For a film about authors, The Only Living Boy in New York could use a couple more rewrites. Instead, this examination of fractured families through the eyes of stuffy artistic types is more pretentious than profound.
The latest example of aristocratic New Yorkers lamenting about failed relationships doesn’t do justice to either Woody Allen or to the eponymous Simon & Garfunkel tune on the soundtrack.
The story centers on Thomas (Callum Turner), an aspiring novelist waiting for his breakthrough as he deals with a host of personal issues. His even-keeled girlfriend (Kiersey Clemons) seems reluctant to commit. His mother (Cynthia Nixon) is struggling with mental illness. And his overbearing father (Pierce Brosnan) is a fledgling book publisher involved in an affair with a subordinate (Kate Beckinsale), prompting Thomas to seek both revenge and approval.
Then there’s W.F. (Jeff Bridges), an alcoholic neighbor in Thomas’ apartment building who dispenses pearls of wisdom while lamenting about the city’s literary scene. His motives remain cloudy as he harbors secrets about his past.
There are some intriguing character dynamics in the screenplay by Allan Loeb (Collateral Beauty), although it’s difficult to connect with the film’s batch of self-absorbed writers and schemers, most notably Thomas, despite his many relatable qualities. He’s slightly awkward, somewhat charming, moderately intellectual, and rather uncertain about what he wants to do with his life. But does that mean we root for him?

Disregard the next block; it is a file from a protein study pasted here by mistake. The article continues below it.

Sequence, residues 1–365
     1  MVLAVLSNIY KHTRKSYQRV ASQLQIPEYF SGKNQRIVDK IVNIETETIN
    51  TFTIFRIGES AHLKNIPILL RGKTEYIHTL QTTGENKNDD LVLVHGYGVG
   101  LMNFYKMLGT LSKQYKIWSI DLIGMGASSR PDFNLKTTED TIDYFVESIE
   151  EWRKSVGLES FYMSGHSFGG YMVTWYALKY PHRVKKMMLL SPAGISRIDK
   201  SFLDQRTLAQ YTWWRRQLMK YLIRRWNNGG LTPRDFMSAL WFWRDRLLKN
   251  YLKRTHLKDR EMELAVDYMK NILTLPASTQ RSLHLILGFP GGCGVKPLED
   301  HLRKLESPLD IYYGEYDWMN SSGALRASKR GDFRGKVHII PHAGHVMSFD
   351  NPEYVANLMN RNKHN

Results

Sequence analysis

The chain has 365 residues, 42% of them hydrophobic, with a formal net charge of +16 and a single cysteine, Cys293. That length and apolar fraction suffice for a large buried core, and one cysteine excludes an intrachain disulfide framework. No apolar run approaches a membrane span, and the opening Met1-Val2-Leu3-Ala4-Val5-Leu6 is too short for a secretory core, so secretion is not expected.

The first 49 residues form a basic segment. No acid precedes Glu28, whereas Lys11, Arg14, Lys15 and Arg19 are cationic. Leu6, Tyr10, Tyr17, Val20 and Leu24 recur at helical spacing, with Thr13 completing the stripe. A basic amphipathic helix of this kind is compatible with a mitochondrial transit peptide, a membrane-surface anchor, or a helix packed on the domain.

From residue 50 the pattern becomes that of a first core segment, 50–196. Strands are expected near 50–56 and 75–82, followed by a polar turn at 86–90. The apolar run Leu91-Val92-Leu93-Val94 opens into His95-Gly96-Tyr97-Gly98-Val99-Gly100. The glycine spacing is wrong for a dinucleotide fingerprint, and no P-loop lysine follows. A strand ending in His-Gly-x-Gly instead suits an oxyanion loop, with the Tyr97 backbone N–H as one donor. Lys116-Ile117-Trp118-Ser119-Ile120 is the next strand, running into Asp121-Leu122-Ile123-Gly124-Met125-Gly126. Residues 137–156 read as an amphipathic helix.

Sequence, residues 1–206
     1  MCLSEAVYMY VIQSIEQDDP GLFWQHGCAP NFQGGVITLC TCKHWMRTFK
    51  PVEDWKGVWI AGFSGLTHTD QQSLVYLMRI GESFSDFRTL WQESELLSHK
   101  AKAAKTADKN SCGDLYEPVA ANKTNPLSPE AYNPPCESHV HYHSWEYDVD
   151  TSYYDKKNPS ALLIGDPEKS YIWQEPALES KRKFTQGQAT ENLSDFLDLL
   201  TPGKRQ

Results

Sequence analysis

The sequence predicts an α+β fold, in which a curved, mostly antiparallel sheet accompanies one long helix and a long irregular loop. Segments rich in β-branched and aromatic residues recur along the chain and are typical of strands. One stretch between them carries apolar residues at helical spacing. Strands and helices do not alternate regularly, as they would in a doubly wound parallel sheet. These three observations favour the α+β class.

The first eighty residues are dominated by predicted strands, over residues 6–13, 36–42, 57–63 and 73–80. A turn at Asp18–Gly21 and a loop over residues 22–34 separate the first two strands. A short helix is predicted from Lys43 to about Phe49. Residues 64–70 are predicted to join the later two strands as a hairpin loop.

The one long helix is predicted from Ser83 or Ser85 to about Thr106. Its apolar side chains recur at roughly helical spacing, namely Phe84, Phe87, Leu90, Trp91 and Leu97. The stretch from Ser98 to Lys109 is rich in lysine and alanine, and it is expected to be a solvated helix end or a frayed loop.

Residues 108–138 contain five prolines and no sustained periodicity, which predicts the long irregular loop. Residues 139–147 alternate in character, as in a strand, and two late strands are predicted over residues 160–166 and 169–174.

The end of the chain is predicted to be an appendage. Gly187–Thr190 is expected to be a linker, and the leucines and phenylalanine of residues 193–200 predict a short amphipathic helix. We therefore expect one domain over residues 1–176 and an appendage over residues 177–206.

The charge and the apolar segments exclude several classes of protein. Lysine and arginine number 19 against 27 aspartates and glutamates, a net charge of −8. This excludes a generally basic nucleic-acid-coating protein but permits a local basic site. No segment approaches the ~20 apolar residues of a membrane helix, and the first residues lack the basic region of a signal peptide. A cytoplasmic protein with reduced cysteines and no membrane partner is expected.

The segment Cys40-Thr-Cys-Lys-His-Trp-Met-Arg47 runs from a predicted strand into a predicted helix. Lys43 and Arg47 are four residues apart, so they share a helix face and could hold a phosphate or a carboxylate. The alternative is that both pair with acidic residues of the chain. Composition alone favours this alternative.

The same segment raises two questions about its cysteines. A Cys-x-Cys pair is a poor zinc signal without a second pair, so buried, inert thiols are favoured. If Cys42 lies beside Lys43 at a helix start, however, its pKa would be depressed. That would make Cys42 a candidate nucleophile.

Bridges is engaging as the sage busybody, mostly through his sardonic narration. His performance adds a layer of subtlety that effectively masks his inner turmoil, although the dime-store philosophy gradually turns from amusing to annoying. “He’s surrendered too much of his past to give up on his future,” he theorizes about Thomas.
As directed by Marc Webb (500 Days of Summer), you wish The Only Living Boy in New York conveyed a better sense of time and place. Instead, Manhattan is talked about more than seen, with a rant about the city’s gentrification during an early dinner-party sequence providing a highlight.
A third-act twist tries to steer the entire narrative in an almost arbitrary — and unfortunately sentimental — new direction, except that the film never earns its desired emotional payoff. Despite a few compelling chapters, the result winds up as shallow and superficial as its characters.